Author(s)

Ja'Shanna Jones

Date Approved

9-21-2012

Document Type

Dissertation

Degree Name

Ed.D. Educational Leadership

Department

Educational Leadership

College

College of Education

First Advisor

Raivetz, Mark

Subject(s)

Academic achievement;Urban schools

Disciplines

Elementary and Middle and Secondary Education Administration

Abstract

This study was conducted in order to explore the depths of internal and external factors within the urban school community that effect student self-perceptions and academic achievement, so that programs/interventions are developed to meet the needs of urban students. The internal and external factors identified for the purpose of this study were parental achievement, parental and community involvement, school morale, teacher quality, students peer groups, and resources among internal and external educational factors. The researcher examined test scores and survey data of the entire middle school in the first phase of the study. During the second phase of the study, open-ended interviews were conducted along with observations, and collected documents. The study highlighted how high achieving urban middle school students of the same socioeconomic and demographic backgrounds were able to succeed under conditions similar to those of their urban middle school counterparts. That is, if a small portion of urban school students were able to achieve given the same educational factors, what prevented other students from doing so? The results of the study indicated that students succeeded when there was collaboration amongst external and internal stakeholders, students had a strong value or moral base, and an innate drive to succeed as measured by the open-ended interviews and classroom observations by the researcher. Student success and self-perceptions are strongly influenced by the external home and/or community environment. Despite the various efforts of internal school stakeholders to reach students through extra-curricular activities, additional instructional programs, or outreach initiates, those parents and students that sought the guidance and resources of the school on a consistent basis succeeded in achieving success according to the criteria of the study. As a result of the study I hope to promote programs and initiatives that model the behaviors and attitudes of peers, and reinforce programs and initiatives that meet the needs of students, helping a greater number to succeed. Future programs will seek to further establish a stronger connection to the external community. What was discovered throughout the course of the study was that many urban students that have failed derive from a hereditary line of academic failure. The students throughout the study that failed state tests and exhibited negative social and academic behaviors did not utilize the internal and external resources available within the school community. In addition, there was a lack of buy-in and collaboration amongst educational stakeholders that is vital for student academic success. Yet when students practice academic behaviors such as participating in instructional and non-instructional programs, utilize external and internal educational resources, and have an overall positive attitude toward educational stakeholders, they succeed. Overall this study revealed that in order to close the achievement gap of urban students, all educational stakeholders must invest time, social, and financial resources to ensure their academic success. Currently research suggests that students that pass state tests enter and are able to compete in a global market and competitive society (Darling-Hammond, 2011). For the students included in this study, the results confirm the findings in the literature that educators must invest in programs and state initiatives that surpass what is encouraged in the traditional educational classroom (Noguera, 2011). Educators must meet the needs and value the cultural norms outside of their personal experiences (Ladson-Billings, 2006). Society must recognize the barriers that many students in urban communities face and address those barriers so that students can succeed (Noguera, 2011).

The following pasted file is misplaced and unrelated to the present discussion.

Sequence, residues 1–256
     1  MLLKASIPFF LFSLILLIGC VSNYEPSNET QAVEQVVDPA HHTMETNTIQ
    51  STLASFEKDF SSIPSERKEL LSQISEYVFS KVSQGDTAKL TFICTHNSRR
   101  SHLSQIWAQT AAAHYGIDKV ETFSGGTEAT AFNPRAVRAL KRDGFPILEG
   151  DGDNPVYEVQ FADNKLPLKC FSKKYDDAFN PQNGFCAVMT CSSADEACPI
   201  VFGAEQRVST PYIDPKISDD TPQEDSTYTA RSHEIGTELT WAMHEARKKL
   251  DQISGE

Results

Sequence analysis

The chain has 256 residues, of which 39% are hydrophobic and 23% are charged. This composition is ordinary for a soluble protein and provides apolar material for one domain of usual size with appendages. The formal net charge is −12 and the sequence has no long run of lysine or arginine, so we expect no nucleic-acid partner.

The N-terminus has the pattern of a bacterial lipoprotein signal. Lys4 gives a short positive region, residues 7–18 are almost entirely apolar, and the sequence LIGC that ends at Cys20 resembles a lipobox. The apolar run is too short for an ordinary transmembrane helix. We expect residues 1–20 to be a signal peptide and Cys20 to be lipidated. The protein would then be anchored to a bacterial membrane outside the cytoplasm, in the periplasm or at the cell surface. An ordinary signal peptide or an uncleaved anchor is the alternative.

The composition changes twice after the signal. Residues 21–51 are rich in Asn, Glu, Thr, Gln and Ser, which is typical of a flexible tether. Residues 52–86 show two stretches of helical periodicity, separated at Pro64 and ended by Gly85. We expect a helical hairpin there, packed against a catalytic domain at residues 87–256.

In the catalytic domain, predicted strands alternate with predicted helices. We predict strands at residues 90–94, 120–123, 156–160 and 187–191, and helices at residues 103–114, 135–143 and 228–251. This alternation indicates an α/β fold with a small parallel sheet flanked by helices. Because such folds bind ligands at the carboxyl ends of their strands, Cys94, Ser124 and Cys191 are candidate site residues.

Share

COinS